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Netflix stock rose from $35 to $300 a share in the 2 1/2 years ending in July. That’s when investors should have sold because since then, the price has been halved.
But there are still a few bulls who see the dramatic slide as a buying opportunity. Ingrid Chung at Goldman Sachs, for example, maintains her “buy” recommendation, telling clients the Reed Hastings-led company should climb back to $270 in the next six months (the stock was at $128.50 on Sept. 21). Chung says the recent defection of 1 million customers was due to unwarranted negative press about a Sept. 1 price increase and the split of the company’s streaming service and DVD-by-mail, which will be called Qwikster.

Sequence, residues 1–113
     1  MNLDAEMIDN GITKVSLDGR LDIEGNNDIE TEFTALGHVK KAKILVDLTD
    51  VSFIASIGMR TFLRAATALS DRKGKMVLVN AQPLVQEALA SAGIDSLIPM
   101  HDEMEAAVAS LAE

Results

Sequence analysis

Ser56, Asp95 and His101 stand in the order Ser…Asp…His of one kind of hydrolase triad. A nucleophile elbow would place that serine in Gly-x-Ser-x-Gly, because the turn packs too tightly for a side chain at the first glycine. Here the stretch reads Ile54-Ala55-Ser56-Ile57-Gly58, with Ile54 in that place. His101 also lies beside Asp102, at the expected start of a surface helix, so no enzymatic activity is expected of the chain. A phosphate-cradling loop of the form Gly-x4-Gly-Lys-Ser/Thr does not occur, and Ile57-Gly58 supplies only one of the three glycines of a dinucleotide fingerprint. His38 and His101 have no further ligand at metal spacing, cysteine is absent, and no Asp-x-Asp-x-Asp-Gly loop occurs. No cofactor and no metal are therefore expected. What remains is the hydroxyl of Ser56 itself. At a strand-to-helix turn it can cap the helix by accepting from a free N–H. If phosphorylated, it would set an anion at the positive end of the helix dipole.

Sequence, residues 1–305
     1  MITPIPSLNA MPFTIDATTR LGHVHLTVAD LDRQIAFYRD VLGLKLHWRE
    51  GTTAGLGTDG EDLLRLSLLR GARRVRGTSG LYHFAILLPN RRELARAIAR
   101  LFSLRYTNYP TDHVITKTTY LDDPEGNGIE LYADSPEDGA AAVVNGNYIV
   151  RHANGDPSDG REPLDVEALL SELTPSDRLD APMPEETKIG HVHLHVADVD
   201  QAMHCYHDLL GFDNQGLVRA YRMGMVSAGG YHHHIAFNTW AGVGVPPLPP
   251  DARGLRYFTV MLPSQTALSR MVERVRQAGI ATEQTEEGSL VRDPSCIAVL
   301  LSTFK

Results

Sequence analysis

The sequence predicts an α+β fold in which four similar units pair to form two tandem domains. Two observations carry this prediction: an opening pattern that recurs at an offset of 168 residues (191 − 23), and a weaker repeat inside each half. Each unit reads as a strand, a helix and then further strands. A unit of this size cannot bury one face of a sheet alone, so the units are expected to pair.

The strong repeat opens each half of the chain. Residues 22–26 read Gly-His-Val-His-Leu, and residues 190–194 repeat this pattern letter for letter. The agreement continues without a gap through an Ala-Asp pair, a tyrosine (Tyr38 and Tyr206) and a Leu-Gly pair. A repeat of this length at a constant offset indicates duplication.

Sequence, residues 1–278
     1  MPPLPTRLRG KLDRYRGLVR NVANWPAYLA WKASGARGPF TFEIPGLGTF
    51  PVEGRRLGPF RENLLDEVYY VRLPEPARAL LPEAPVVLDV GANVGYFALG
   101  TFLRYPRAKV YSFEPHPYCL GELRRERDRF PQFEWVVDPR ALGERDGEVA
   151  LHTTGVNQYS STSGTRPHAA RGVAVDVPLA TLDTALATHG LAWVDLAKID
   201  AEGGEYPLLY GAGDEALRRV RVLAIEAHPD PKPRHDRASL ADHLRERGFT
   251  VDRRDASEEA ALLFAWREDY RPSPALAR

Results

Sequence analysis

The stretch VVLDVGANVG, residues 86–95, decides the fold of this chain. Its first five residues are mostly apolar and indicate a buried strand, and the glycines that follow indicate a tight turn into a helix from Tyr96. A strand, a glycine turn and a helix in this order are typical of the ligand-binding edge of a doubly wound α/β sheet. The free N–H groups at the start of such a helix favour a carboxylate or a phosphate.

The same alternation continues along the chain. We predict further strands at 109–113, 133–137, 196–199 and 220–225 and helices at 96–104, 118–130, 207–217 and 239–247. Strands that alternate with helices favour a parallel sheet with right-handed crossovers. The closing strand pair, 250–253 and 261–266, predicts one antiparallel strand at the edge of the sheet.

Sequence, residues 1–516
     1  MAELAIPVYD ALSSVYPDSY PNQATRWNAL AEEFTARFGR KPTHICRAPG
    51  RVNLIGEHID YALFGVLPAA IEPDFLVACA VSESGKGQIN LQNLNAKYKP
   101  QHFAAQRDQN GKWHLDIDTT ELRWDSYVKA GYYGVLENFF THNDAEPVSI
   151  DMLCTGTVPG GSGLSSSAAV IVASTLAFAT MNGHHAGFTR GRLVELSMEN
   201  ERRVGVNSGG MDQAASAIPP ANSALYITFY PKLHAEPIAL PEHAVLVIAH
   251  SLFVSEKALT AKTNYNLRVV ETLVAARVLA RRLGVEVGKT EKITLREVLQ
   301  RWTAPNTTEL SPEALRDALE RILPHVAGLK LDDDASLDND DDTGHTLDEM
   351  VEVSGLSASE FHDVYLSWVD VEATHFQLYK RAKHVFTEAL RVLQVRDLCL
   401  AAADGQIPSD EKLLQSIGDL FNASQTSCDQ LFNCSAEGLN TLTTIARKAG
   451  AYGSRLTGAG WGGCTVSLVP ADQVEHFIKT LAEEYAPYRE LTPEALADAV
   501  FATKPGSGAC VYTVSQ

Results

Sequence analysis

Would-be competitors, including Dish Network’s Blockbuster, will find tough barriers to entering the subscription streaming business, she adds. Piper Jaffray analyst Michael Olson also remains bullish on Netflix, with a price target of $300.
But Piper Jaffray analysts acknowledge there are other dangers lurking. The firm wrote, “If Amazon or Google purchases Hulu, shares of Netflix would likely respond negatively.”
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